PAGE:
With an HA cluster, each network interface has an individual IP address and one shared IP address which is shared with the partner unit. The shared IP address is identical for both LoadMaster appliances, though it is associated with only the active LoadMaster at any given time.
If the LoadMaster is set as the default gateway of the servers, remember to use the shared address of the HA pair since this address will always be available.
During normal operation each node periodically sends health check messages over the eth0 and eth1 connections to verify the availability of the peer appliance. Health checks are enabled unless they have been explicitly disabled. In the event that the active LoadMaster should fail, the standby appliance will become active and take over the task of balancing.
The topology for HA dual arm looks like this:
Both HA1 and HA2 use eth0 to connect to the network (firewall) and eth2 for connection to the servers. The two eth0 ports have one shared IP address and the two eth2 ports have a different shared IP address. Health checking between the two LoadMasters occurs between both eth ports. Optionally, eth1 on each unit may be directly connected using a patch cable for added HA health checking though it is quite unnecessary since there is already 2 health check routes between the HA pair.
HA1 and HA2 must be on the same subnet with the same default gateway and be located within the same physical site. They must not be separated by an intra-site link and must use the same gateway to return traffic.
Running HA spanned across multiple subnets will not provide hardware redundancy in the event of a failure of the link between them. If traffic balancing between multiple sites is required, the GEO LoadMaster is the correct solution. This Kemp's DNS-based appliance that employs health checking to avoid site outages.
Clustering involves deployment of multiple LoadMaster instances (nodes) as a single management and control domain where each node is actively passing traffic. If any of these nodes fail - the remaining nodes continue to provide service to the remote client, providing resilience.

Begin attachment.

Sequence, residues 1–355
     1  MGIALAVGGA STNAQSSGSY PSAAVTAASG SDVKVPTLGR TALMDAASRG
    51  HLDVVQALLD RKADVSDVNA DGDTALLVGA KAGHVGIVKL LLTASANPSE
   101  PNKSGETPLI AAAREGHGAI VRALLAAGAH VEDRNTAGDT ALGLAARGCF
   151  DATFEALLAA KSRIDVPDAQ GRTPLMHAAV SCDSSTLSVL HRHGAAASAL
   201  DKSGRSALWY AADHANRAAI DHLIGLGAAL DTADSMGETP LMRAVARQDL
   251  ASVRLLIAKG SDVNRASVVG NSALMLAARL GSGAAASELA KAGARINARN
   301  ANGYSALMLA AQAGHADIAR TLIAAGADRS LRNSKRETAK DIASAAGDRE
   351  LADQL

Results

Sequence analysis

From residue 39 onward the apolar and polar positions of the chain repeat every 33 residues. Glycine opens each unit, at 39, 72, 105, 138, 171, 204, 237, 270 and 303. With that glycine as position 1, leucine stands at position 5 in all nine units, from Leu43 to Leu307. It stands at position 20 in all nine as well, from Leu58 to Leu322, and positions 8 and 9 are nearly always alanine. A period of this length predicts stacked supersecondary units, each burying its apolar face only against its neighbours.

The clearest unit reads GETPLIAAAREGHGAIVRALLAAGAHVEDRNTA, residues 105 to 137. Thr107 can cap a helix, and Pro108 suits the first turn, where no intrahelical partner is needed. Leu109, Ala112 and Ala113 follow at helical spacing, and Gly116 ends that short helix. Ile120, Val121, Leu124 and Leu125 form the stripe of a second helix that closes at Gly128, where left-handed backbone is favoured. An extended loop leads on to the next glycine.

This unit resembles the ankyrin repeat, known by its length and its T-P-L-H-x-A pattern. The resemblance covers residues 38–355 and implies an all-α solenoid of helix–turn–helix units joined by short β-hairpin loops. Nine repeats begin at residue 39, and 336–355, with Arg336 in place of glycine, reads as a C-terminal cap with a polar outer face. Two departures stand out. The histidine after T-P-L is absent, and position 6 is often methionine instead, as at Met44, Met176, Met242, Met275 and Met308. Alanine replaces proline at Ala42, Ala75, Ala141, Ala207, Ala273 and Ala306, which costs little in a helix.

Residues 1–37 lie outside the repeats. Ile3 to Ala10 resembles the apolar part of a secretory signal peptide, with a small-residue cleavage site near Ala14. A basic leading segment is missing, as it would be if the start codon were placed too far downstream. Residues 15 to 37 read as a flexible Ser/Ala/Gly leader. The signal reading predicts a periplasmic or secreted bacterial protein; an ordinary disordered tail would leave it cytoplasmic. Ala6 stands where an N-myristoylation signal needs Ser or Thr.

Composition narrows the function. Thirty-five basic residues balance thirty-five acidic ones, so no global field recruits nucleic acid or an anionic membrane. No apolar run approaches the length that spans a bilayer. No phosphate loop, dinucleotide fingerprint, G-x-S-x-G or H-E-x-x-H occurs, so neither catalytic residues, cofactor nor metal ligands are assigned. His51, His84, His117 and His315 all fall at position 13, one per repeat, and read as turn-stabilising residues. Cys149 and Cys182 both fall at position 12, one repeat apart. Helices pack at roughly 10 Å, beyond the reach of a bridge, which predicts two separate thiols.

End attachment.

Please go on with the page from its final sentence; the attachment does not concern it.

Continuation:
Clustering supports scaling - LoadMaster nodes can be added to or removed from a cluster so that capacity can be dynamically adjusted to match business requirements. Each additional LoadMaster node which is added to the cluster can provide a linear increase in throughput and performance. The maximum number of nodes that can be added to a cluster is defined by your license agreement.
An example use case is - if a website experiences higher than usual traffic during a holiday period and the amount of traffic cannot be predicted in advance - often the capacity is over-provisioned to handle these requests that come in spikes. One of the simplest solutions is to deploy LoadMasters in a cluster and then add new nodes as the capacity requirements (concurrent connections and performance requirements) increase.
With LoadMaster clustering, the load-balancing capability can be extended as needed by adding additional LoadMasters for the same Virtual Service. Traffic which is intended for a failed node is either passed on to an existing node or load-balanced across the remaining nodes.
The LoadMasters all work in parallel. If a LoadMaster node fails, traffic is redistributed amongst the remaining nodes. Health checking is performed on each of the LoadMasters.
Most administrative changes should be made on the shared IP address interface. These changes are then propagated to the LoadMasters in less than a second. Local administration of the individual LoadMasters can also be performed by accessing the WUI of the units directly. The WUI of the local LoadMasters contains limited configuration options.